Community health centers are an essential source of care for people in every state, including millions of those with Medicaid coverage. A new study estimates the magnitude of impacts on health centers if Congress were to pass proposals like those it recently considered to change how the federal government allocates money to state Medicaid programs: block grants and per-capita caps. Although impacts vary substantially by state, researchers found the overall impact would be severe: in 2024, revenue for health centers would drop 11-15 percent under a block grant scenario and 9-12 percent under a per capita cap.
“State policymakers should be prepared to understand the likely impacts of proposed changes on health centers located in their state and allocate funding to help offset losses from federal sources,” says Anne Markus, PhD, MHS, JD, of the Milken Institute School of Public Health’s Department of Health Policy and Management. Markus led a group of researchers who developed and used a model to simulate the effect that block granting Medicaid or using Medicaid per-capita caps would have on health centers’ revenues and capacity to serve their communities.
In 2016, the 1,337 community health centers in all 50 states and the District of Columbia served more than 25 million people. Health centers specialize in providing high-quality care to medically underserved communities; most patients are women or poor, a third are children, and half are covered by Medicaid. Uninsured people and those with Medicaid coverage often struggle to find providers who will treat them, and health centers fill this need.
Markus and her co-authors—Qian (Eric) Luo, Kan Gianattasio, and Julia Strasser—found that impacts on health center revenues would be most severe in the group of states that adopted the Affordable Care Act (ACA) Medicaid expansion to extend coverage to adults with incomes up to 133 percent of the federal poverty level. In these states, under a block grant scenario, revenue by 2024 would fall by 92 percent for the expansion population and 58 percent for traditional enrollees, while non-expansion states would see a drop of 38 percent.
Although the team’s estimates don’t show health centers in all states experiencing sharp drops in revenue, Markus stresses that the projections are only for the short term and do not account for unanticipated events, like recessions or extreme weather events, that can strain health center budgets.
To inform their model, Markus and colleagues conducted interviews with health center CEOs/CFOs in seven states that have proposed or implemented changes to their Medicaid programs. Under a process known as Section 1115 waivers, the federal government can grant states permission to make changes the law would not otherwise allow. With encouragement from the Trump administration, several states have requested permission to impose work requirements or premiums on certain groups of Medicaid enrollees, which is likely to significantly reduce the number people with Medicaid coverage and thereby decrease health centers’ revenues. Because health centers in waiver states are already considering how to respond to such drops in Medicaid revenue, they can provide insight into how health centers might cope under block grant or per-capita cap scenarios.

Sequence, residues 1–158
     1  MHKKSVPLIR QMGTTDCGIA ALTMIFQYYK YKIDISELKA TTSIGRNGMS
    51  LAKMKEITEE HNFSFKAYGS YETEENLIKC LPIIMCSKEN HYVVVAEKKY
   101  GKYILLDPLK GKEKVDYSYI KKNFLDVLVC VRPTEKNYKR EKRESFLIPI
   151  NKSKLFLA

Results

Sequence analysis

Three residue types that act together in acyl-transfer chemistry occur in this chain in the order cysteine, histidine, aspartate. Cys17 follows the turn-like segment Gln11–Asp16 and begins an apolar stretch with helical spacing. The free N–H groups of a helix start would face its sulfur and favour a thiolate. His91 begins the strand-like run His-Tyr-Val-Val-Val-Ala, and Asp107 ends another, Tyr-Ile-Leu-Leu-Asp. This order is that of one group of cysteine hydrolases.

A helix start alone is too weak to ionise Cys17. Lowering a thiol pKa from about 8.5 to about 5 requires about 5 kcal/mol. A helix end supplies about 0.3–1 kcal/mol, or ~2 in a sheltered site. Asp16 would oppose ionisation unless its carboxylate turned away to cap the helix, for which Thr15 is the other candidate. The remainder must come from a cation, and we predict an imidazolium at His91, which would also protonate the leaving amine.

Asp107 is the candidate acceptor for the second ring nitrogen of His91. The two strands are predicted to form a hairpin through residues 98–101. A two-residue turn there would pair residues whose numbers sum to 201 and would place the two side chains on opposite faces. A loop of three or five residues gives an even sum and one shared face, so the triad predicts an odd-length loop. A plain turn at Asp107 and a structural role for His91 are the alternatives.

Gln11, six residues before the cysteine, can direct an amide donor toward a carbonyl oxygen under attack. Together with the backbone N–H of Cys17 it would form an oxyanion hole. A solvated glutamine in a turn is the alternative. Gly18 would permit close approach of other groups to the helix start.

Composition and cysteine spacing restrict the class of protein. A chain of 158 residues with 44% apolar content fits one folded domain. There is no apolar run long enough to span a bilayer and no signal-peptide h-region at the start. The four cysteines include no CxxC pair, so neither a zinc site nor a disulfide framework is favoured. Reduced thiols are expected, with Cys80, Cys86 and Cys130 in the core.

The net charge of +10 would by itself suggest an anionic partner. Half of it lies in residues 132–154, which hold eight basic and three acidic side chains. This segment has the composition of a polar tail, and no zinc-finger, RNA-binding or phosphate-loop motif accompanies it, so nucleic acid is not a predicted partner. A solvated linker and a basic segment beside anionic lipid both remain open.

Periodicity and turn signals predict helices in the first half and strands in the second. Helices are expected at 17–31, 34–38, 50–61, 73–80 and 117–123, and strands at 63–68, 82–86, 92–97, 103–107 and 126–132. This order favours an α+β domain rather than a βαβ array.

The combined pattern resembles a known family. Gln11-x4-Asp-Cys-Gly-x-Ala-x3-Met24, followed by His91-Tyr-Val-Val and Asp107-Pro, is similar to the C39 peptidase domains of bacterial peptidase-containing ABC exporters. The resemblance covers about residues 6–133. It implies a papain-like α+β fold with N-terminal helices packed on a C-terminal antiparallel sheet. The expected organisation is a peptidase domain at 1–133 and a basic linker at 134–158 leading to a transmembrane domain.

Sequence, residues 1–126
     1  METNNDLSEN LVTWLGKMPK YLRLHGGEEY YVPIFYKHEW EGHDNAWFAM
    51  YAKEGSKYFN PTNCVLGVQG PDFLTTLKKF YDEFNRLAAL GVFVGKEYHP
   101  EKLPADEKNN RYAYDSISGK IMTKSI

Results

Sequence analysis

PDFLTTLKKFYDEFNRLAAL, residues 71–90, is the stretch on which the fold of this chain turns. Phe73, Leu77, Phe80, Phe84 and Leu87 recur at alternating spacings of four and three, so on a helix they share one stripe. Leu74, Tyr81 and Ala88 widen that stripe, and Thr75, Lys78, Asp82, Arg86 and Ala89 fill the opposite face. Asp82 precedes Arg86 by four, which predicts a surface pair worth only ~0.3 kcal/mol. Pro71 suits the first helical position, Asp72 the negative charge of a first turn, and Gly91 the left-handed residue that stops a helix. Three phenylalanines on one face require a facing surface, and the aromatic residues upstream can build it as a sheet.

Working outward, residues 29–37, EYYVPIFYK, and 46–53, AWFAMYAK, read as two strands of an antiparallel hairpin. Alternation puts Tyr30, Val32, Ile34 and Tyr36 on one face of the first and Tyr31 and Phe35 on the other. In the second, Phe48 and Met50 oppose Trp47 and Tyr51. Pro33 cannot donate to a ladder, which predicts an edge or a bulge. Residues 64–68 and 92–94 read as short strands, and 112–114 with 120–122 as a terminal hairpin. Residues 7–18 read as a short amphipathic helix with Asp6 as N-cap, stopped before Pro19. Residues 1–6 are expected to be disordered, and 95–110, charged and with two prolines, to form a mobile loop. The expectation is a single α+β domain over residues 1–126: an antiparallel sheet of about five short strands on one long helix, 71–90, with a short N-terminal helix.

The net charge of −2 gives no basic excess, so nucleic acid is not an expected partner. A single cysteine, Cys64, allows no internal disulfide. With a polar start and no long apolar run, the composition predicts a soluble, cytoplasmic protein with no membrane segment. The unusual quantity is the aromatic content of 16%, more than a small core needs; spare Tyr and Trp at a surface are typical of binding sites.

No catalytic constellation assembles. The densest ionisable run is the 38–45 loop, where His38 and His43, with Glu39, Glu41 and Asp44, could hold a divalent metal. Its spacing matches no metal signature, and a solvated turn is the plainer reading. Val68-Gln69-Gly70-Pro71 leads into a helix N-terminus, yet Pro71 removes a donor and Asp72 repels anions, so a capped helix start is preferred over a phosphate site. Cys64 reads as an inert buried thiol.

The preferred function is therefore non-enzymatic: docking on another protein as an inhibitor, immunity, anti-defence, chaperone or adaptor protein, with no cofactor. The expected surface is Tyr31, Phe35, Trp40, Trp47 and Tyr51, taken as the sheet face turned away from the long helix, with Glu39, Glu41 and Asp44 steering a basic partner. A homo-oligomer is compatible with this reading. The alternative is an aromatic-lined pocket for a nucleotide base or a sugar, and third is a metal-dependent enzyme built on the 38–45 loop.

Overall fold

Interviewees told researchers that when policy changes reduce Medicaid funding, health centers are likely to cut back on services and staff. Many expected quality of care to suffer as health centers are less able to provide comprehensive care. Some warned that if fewer people have Medicaid coverage, they may be less likely to seek care in a timely manner—and that would lead to worse health outcomes and higher costs in the future.
Markus and her team calculated that, depending on the scenario, community health centers would see between $4 billion and $8 billion less in revenue in 2024 than they would in the absence of block grants or per-capita caps. “Billion-dollar losses have serious implications for health centers’ ability to operate,” Markus says. “Access to care and outcomes for vulnerable populations would almost certainly be compromised.”
The study is published in The Milbank Quarterly.
For infographics showing estimated impacts in individual states, click the links below.